Dollar hits 10-year high… Banks’ culture clash?… IPOs’ rosy outlook… Iemma hints at WorkCover premium cut… Agriculture tax breaks over budget… NSW property industry trails… Economy roundup
Tuesday, March 20, 2007/
Dollar hits 10-year high
The Australian dollar surged to a 10-year high this morning, pushing through the US80c barrier to peak at US80.33c before retreating to US80.08c at 11.45am.
Rising petrol prices and comments by Reserve Bank assistant governor Malcolm Edey, suggesting core inflation is “likely to be too high”, are behind the big rise, giving markets increased confidence in the likelihood of an interest rate rise in the near future.
A weakening of the US dollar, driven by sub-prime mortgage concerns and a decline in confidence among home builders, also contributed to the dollar’s strength.
– Mike Preston
Bendigo / Queensland bank culture clash?
Bank of Queensland has made its intentions clear in making an offer to merge with Bendigo Bank. But what does Bendigo Bank think about a merger?
This morning’s papers are speculating that the Bank of Queensland offer is not being gratefully received because the $2.4 billion bid hasn’t been delivered as a recommended package. Bank of Queensland has informed Bendigo Bank that it would require the unequivocal support by the Bendigo Bank board for the proposal, according to a media release from Bendigo Bank yesterday.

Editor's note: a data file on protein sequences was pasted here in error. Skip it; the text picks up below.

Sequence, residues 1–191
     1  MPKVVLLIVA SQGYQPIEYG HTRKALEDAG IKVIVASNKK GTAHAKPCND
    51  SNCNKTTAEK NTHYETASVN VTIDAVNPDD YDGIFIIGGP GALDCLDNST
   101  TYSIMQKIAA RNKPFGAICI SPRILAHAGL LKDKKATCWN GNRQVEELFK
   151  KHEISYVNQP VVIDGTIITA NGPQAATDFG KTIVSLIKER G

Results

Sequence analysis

Bendigo Bank’s board says it is considering “whether the merger proposal is in the best interests of shareholders, and will make a recommendation as soon as practicable”.
Under the proposal, Bendigo Bank shareholders would receive 0.748 Bank of Queensland shares and $5.50 cash for each Bendigo Bank share. The offer is well over the market value of the shares. Bank of Queensland claims it will save $70 million in costs through the merger.
If the merger goes ahead it will be interesting to see how it works. Both banks are franchised, but their models are very different.
Bendigo Bank operates community banks alongside traditional banks. The community banks are owned by local communities, use bank infrastructure and pay a portion of bank revenue to head office. They were created in response to the pull-back of the big banks from some regional areas.
Bank of Queensland branches are a more traditional type of franchise. The bank’s expansion has been fuelled by selling franchises to entrepreneurs with experience in banking. Some of these franchisees have reportedly been disappointed with their returns on investment.
David Liddy, managing director of the Bank of Queensland, is reported in the Australian Financial Review today as saying that both models will be retained. “We’ll combine the strength of both and continue to expand both models.” Watch out for a clash of cultures.
– Jacqui Walker
IPO’s rosy outlook for 2007
The IPO pipeline for 2007 looks strong compared to last year when it declined by 25% despite a market rise of 20%, says the PricewaterhouseCoopers sharemarket float report.
The 2006 analysis shows there were 71 IPOs completed, raising close to $7 billion (excluding resources, compliance and backdoor listings). In 2005 94 IPOs raised $12 billion.
Greg Keys, head of corporate finance, says IPOs in 2006 were still a haven for investors, with 62% trading above issue price at December 31, 2006. Of that group, 75% outperformed the market.
“The IPO pipeline is indicating that 2007 will be stronger, he says. They include the listing of drilling services provider, Boart Longyear and Dairy Farmers.
Prominent market trends from 2006 will continue to influence performance in 2007, including strong superannuation fund flows, higher levels of M&A activity and private equity.